The gene identified by the researchers affects the hypothalamic-pituitary-adrenal (HPA) axis in rodents. Disruptions of this system in the brain would make it difficult for people to regulate their emotional behavior and stress levels. Circulating through the body in the blood, this gene affects the immune system, leaving individuals less able to fight off germs and more vulnerable to illnesses.
"Our finding that children who were physically maltreated display a specific change to the glucocorticoid receptor gene could explain why abused children have more emotional difficulties as they age," according to Pollak. "They may have fewer glucocorticoid receptors in their brains, which would impair the brain’s stress-response system and result in problems regulating stress."
The findings have implications for designing more effective interventions for children, especially since studies of animals indicate that the effects of poor parenting on gene methylation may be reversible if caregiving improves. The study also adds to what we know about how child maltreatment relates to changes in the body and mind, findings that were summarized recently in an SRCD Social Policy Report by Sara R. Jaffee and Cindy W. Christian.
being bullied, abused, scapegoated, and neglected in school crippled my brain’s reward mechanism. despite having responsible, supportive parents, i was permanently damaged by that experience. medicating my anxiety and depression helps a lot, but it will still always be there. bullying is a form of child abuse. emotional cruelty from authority figures is a form of child abuse. this shit is real.
a society that’s happy to sprain itself bending over backwards to make sure kids don’t see sex on tv is willing to accept kids’ minds being permanently scarred in school. i just don’t understand.
^^ this. jesus, i read so much porn as a teenager, and nothing came of it but a larger vocabulary and more comfort with myself. social isolation, though? if anything fucked me up, it was years of that.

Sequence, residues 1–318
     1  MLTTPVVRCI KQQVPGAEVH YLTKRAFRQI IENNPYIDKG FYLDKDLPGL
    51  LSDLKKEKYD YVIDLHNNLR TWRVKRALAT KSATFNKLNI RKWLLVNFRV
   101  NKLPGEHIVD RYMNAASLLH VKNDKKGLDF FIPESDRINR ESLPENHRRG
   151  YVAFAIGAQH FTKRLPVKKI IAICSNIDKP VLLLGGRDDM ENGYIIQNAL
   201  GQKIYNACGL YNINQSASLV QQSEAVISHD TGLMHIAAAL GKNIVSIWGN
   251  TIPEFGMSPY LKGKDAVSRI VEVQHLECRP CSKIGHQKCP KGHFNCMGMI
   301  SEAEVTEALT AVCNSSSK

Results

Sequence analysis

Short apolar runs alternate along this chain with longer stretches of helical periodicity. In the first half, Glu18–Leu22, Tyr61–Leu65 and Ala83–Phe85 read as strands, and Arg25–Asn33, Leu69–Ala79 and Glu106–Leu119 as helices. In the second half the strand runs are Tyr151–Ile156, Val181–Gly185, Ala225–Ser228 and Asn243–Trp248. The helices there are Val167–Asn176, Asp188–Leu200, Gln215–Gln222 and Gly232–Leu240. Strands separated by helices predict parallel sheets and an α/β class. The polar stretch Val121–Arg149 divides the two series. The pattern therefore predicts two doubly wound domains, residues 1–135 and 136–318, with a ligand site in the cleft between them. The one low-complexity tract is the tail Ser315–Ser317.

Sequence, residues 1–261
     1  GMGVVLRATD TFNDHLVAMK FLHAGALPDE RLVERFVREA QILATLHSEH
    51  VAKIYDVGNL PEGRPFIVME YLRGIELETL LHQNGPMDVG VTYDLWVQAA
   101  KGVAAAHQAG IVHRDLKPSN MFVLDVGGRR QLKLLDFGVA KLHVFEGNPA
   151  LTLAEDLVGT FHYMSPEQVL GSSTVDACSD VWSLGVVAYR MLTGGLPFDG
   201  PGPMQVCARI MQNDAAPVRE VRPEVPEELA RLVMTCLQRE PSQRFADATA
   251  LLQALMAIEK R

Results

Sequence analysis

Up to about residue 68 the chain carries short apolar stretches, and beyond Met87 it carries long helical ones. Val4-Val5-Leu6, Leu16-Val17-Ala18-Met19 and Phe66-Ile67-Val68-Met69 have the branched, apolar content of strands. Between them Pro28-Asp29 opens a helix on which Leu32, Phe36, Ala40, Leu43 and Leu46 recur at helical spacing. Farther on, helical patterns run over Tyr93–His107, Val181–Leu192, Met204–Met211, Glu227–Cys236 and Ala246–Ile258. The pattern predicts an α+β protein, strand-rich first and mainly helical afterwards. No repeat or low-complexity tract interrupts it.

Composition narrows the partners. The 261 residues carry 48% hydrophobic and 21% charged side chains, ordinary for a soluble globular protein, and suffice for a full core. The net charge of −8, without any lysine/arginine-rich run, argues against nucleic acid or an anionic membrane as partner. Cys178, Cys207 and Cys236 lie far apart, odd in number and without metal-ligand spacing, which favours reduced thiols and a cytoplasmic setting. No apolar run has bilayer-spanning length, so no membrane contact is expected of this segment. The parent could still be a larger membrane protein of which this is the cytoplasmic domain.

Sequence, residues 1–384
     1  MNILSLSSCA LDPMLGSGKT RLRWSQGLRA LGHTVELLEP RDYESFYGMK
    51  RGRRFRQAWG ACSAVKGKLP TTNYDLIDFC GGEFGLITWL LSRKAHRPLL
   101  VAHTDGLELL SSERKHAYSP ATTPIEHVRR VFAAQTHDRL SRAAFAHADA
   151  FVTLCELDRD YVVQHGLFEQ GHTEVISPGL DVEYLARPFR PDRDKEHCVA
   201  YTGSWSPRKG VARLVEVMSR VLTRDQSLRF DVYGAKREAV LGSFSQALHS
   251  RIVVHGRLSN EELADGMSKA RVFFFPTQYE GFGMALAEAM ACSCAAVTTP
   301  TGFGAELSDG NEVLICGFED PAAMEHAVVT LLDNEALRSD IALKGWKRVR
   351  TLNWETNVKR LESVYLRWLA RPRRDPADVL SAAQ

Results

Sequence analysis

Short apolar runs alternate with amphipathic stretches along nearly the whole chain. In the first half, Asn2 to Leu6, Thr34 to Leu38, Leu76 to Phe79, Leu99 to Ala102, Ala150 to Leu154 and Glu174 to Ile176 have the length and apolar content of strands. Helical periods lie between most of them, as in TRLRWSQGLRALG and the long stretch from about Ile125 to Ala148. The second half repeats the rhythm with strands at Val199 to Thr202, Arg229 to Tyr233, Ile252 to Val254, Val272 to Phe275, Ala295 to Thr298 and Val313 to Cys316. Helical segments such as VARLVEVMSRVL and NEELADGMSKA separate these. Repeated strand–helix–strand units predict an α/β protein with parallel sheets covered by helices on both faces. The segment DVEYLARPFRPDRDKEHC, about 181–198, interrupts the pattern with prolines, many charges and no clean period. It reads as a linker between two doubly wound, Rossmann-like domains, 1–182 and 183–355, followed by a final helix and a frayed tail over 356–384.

i have the same social security number as tony stark
out of all of the amazing fanart in this fandom i think my favorites are the ones where bucky looks like he’s stolen everyone else’s clothes and dgafffff
Do you think every president goes through a awkward first few weeks in office when they’re not sure when’s the right time to ask if aliens are real or not?
The Doorway Effect: Why your brain won’t let you remember what you were doing before you came in here
I work in a lab, and the way our lab is set up, there are two adjacent rooms, connected by both an outer hallway and an inner doorway. I do most of my work on one side, but every time I walk over to the other side to grab a reagent or a box of tips, I completely forget what I was after. This leads to a lot of me standing with one hand on the freezer door and grumbling, “What the hell was I doing?” It got to where all I had to say was “Every damn time” and my labmate would laugh. Finally, when I explained to our new labmate why I was standing next to his bench with a glazed look in my eyes, he was able to shed some light. “Oh, yeah, that’s a well-documented phenomenon,” he said. “Doorways wipe your memory.”
Being the gung-ho new science blogger that I am, I decided to investigate. And it’s true! Well, doorways don’t literally wipe your memory. But they do encourage your brain to dump whatever it was working on before and get ready to do something new. In one study, participants played a video game in which they had to carry an object either across a room or into a new room. Then they were given a quiz. Participants who passed through a doorway had more trouble remembering what they were doing. It didn’t matter if the video game display was made smaller and less immersive, or if the participants performed the same task in an actual room—the results were similar. Returning to the room where they had begun the task didn’t help: even context didn’t serve to jog folks’ memories.
The researchers wrote that their results are consistent with what they call an “event model” of memory. They say the brain keeps some information ready to go at all times, but it can’t hold on to everything. So it takes advantage of what the researchers called an “event boundary,” like a doorway into a new room, to dump the old info and start over. Apparently my brain doesn’t care that my timer has seconds to go—if I have to go into the other room, I’m doing something new, and can’t remember that my previous task was antibody, idiot, you needed antibody.
I finally learned why I completely space when I cross to the other side of the lab, and that I’m apparently not alone.
this is actually kind of great and it’s nice to know there’s something behind that constant spacing out whenever i enter a different place
FINALLY AN EXPLANATION